Chef David Burke Reveals Answers To All Of Our Best Foodie Questions - Exclusive Interview

Chef David Burke is a one-of-a-kind, multi-award-winning culinary genius, whose creativity and talent are matched only by his astounding entrepreneurial skills. If you haven't seen much of him on television lately, it's only because he's been so busy running his many restaurants around the world (including six he opened during the pandemic), coming up with new programming involving his three-foot-tall puppet sous chef, Lefto, and formulating plans for a very unique sort of culinary school.

David Burke began his career in the early 1980s, training under Daniel Boulud and Charlie Palmer, among others, before rising from sous chef to executive chef at New York City's iconic River Café. He was just 26 at the time. The self-confessed "culinary prankster," low-key French pastry prodigy, and inventor of the patented Himalayan salt method for dry-aging steak, was crushing prestigious cooking competitions a decade before "Iron Chef" or "Top Chef" even existed. Of course, Burke has done those too. In fact, even as dining-in is starting up again, Burke is invigorated by visions of a rematch with longtime friend slash nemesis, Bobby Flay. But first, Burke headed to the Hamptons to help raise funds for the Samuel Waxman Cancer Research Foundation, which he's been involved with for many years and has special meaning to him because of his father's recent cancer diagnosis. This year, Burke was named as an honoree at the 17th Annual Hamptons Happening benefit for the Samuel Waxman Cancer Research Foundation.

In the midst of all that, Burke somehow managed to squeeze in an exclusive interview with Mashed, in which he told us, basically, everything and then some. 

That time when Chef David Burke pranked Chefs Joe Bastianich and Thomas Keller

You're known as the "culinary prankster." Can you talk about what that means?

It's the element of surprise and making people laugh. It keeps it interesting. At the end of the day, we're nurturing people. The word "hospitality" comes from "hospital" –  it's nurturing, and no matter how you do it, it's hard work, so you've got to have a little fun. 

What are some of the best culinary pranks that you've done?

Some of the pranks we've done on other employees have been quite fun, although not always politically correct. But pranking can be in the way you serve a dish. For example, the lollypop tree we made for our cheesecake, or putting bacon on a clothesline, serving it with clothespins. Or, the time I cooked for Thomas Keller and Joe [Bastianich] in Napa, and I made a watercress and escargot soup. We had local snails, live in the shells. We boiled some, but I also kept some alive. So I put the soup in a bowl — hot, really green, watercress, snail, garlic soup, and I took the live snails and slapped them right on the rim of the plate and they stuck to the rim and their heads shot out because it was hot, and I was like, "That's your escargot soup." We didn't torture the snail, but we surprised everybody.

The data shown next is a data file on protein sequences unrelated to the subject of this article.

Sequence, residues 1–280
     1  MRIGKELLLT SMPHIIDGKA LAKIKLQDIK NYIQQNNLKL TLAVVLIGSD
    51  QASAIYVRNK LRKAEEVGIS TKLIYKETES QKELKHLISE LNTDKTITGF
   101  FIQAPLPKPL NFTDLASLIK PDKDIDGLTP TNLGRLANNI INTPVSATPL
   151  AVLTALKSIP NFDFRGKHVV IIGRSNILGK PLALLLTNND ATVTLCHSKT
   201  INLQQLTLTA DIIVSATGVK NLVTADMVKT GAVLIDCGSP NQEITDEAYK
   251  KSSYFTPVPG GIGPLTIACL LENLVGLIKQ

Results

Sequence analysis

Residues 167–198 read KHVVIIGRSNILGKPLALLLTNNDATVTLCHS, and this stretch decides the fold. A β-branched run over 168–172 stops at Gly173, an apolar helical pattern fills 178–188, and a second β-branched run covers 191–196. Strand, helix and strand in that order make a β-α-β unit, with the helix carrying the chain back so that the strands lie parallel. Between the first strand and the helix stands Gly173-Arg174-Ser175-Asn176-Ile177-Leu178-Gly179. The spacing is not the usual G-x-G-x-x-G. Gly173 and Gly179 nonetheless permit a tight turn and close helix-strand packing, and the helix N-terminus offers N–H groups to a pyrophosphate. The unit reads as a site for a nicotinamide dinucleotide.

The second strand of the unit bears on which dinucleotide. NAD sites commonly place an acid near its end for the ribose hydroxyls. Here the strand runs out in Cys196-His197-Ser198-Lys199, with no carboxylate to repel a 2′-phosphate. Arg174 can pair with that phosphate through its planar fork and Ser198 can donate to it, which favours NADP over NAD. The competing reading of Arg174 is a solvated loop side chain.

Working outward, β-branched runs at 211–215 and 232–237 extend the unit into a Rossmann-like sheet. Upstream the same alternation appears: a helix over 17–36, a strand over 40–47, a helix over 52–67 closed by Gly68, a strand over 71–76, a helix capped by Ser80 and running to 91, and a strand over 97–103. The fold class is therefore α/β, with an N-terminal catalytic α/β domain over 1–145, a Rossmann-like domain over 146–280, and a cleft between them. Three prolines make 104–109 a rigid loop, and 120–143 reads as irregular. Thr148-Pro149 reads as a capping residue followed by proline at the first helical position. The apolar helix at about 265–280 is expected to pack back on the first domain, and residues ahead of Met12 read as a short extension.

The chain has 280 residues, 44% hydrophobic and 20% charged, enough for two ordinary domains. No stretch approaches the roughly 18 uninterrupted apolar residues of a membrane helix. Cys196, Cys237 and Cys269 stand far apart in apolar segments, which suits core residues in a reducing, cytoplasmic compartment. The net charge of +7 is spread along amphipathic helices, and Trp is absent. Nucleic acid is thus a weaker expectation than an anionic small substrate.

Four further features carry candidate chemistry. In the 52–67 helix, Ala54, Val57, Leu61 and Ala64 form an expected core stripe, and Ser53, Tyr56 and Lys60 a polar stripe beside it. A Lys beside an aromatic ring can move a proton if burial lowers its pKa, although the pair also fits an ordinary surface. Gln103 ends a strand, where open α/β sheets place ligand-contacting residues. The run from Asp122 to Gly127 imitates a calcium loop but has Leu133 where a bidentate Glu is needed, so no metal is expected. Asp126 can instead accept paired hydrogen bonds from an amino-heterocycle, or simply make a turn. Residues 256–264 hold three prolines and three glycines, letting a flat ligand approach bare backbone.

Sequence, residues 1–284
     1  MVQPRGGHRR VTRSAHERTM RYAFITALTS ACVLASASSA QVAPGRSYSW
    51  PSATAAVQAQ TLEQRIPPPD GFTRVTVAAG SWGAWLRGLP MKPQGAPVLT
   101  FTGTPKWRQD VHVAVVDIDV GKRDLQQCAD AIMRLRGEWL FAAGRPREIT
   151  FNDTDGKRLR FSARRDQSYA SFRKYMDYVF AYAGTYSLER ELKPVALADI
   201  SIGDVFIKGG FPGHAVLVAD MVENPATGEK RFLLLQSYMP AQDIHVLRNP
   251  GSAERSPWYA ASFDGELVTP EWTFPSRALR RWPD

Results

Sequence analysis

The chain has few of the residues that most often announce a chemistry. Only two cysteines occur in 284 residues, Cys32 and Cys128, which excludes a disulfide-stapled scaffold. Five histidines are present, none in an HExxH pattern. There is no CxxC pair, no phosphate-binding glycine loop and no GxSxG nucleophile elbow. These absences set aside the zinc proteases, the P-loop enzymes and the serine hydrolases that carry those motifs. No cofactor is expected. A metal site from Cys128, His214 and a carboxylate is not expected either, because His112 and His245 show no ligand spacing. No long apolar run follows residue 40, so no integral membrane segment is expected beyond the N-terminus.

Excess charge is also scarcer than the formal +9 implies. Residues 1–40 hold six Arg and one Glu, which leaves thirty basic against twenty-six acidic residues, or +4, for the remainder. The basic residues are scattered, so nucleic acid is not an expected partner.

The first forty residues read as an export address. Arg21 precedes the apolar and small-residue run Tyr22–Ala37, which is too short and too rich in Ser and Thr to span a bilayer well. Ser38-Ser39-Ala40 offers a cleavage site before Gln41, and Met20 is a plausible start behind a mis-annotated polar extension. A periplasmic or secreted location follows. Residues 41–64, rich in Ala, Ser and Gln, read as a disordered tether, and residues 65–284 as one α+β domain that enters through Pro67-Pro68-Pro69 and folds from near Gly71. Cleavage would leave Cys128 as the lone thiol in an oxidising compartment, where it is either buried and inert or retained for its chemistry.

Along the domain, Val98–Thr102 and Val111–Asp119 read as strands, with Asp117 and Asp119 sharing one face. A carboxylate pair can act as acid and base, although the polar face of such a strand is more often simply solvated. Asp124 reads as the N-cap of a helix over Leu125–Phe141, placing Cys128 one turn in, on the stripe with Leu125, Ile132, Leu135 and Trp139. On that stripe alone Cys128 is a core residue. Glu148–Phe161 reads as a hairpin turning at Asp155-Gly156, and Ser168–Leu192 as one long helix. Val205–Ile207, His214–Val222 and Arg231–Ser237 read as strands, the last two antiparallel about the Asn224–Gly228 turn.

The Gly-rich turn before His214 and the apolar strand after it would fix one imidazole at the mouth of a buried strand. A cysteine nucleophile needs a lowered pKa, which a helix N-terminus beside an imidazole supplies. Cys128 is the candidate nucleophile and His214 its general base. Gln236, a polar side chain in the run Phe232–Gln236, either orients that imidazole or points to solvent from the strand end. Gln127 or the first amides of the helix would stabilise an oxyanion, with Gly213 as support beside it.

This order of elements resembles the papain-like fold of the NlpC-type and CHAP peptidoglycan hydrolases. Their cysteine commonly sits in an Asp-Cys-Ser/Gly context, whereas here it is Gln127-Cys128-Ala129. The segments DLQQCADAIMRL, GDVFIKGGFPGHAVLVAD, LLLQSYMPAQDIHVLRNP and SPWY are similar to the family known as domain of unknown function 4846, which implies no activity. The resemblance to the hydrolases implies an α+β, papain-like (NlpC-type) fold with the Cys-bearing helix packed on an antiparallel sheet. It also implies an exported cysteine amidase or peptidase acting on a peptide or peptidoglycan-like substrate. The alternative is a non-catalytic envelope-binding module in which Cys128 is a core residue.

That reminds me of the time on Top Chef when you had the competitors to your Townhouse restaurant, and there was a dish involving live goldfish.

I think we gave them goldfish to use in presenting a dish on top of the bowl. Say you had a glass bowl and you put water in it with the fish, maybe some seaweed, and then you'd put a salad on top of that on a plate, so that became part of the theme of the dish or the uniqueness of how we served it. Now, we used to do little baby crabs the size of a snail — used to get them from Korea live. We would put these live crabs underneath warm peppercorns and we would put hot oysters on top of the peppercorns, but as you were eating them, they would crawl to the top. They would start coming out of the "sand" — really the salt and pepper — and all of a sudden you'd see a little baby claw come out. To me, I just think that adds something to the conversation and the "Wow, look at this s***, something's moving." 

We also did crickets on a pizza, we did crickets frozen into ice cubes, and we served lobster on a bed of nails — like a florist would use. And sometimes it really makes sense to hang bacon from a clothesline. It's just that nobody's ever done it. Why wouldn't you hang bacon and render the fat down, use the clothespins as a chopstick. So that became an instant hit.